As the legislative session gets underway, the previously named state Senate Natural Resources Committee is now operating under a new name: the state Senate Natural Resources and Economic Development Committee.
The name change came out of Lt. Gov. Dan Patrick’s office. Patrick spokesman Alejandro Garcia told me that the move was made in the interest of efficiency, allowing senators more time to mull over important votes and be present for hearings, rather than jumping in and out of committees.
“Because of the consolidation of committees (reducing four), economic development bills will now be heard in Natural Resources,” Garcia said.
Sounds sensible — after all, state Sen. Troy Fraser, R-Horseshoe Bay, the committee chairman, has served as chairman of both the Natural Resources Committee and the Business and Commerce committees.
But the name change also put me in mind of a story I wrote a few years ago about the bifurcated mission of the Texas Commission on Environmental Quality, the state agency charged with regulating polluters. That 2011 story noted that about a third of state environmental agencies take economic benefit into question while regulating air, water and waste pollution.
The Texas Commission on Environmental Quality, which “strives to protect our state’s human and natural resources consistent with sustainable economic development,” is among them.
The see-saw language about economics and the environment gets at broad questions about whether business and regulation can have congruent interests or are inherently crosswise. It also raises a fundamental question about the roles of regulatory bodies in a faltering economy: Should an environmental regulatory agency concern itself with problems like job creation in its decision-making, or should it think purely about the health of rivers and the cleanliness of air? And are these agencies even equipped to calculate the real economic consequences of their decision-making?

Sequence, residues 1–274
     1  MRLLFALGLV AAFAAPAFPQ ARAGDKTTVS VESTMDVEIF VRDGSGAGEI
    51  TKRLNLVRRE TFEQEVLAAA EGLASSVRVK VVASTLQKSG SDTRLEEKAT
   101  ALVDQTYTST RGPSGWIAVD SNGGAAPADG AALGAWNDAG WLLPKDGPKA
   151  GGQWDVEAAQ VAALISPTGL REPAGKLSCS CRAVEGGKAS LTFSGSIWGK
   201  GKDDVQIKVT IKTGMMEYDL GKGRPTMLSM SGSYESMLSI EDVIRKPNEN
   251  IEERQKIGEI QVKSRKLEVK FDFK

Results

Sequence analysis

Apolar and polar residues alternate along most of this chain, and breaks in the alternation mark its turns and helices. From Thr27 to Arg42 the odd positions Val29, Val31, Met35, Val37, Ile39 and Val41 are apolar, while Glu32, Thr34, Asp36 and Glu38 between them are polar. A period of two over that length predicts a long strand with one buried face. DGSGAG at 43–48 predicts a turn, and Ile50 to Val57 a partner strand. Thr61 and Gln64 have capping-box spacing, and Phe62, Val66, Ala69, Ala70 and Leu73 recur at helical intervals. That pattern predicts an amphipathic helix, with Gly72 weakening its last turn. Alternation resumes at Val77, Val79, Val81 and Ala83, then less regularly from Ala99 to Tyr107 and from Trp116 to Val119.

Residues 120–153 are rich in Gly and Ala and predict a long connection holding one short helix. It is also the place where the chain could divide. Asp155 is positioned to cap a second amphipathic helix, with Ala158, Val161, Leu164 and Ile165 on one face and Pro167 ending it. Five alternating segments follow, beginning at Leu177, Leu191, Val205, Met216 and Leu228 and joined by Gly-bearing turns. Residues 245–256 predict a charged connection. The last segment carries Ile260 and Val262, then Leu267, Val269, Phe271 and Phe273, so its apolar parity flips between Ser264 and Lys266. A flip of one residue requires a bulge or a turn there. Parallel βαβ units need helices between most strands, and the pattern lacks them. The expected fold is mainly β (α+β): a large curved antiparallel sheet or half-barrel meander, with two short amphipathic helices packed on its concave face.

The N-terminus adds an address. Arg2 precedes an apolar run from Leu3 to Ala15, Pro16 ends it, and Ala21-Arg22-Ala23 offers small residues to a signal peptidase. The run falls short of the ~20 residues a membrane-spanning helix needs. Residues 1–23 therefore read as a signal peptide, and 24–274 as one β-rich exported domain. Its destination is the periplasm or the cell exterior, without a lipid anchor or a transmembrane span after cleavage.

State environmental regulatory agencies should balance environmental and economic considerations “for good reason,” said Pete Geddes, a spokesman for the Property and Environment Research Center, a Montana nonprofit group that favors free-market approaches to environmental protection. “Ignoring the cost of regulation is not good public policy.”
But Victor Flatt, who teaches environmental law at the University of North Carolina, said federal laws emphasize environmental matters as the chief concern. And, he argued, stiffer environmental regulation, not lighter, makes for a better business climate.
“What they think is better for the environment seems to be to do as little as possible,” he said of the Texas environmental agency. “If you enforce the laws, you create good places to live, and that’s good for business.”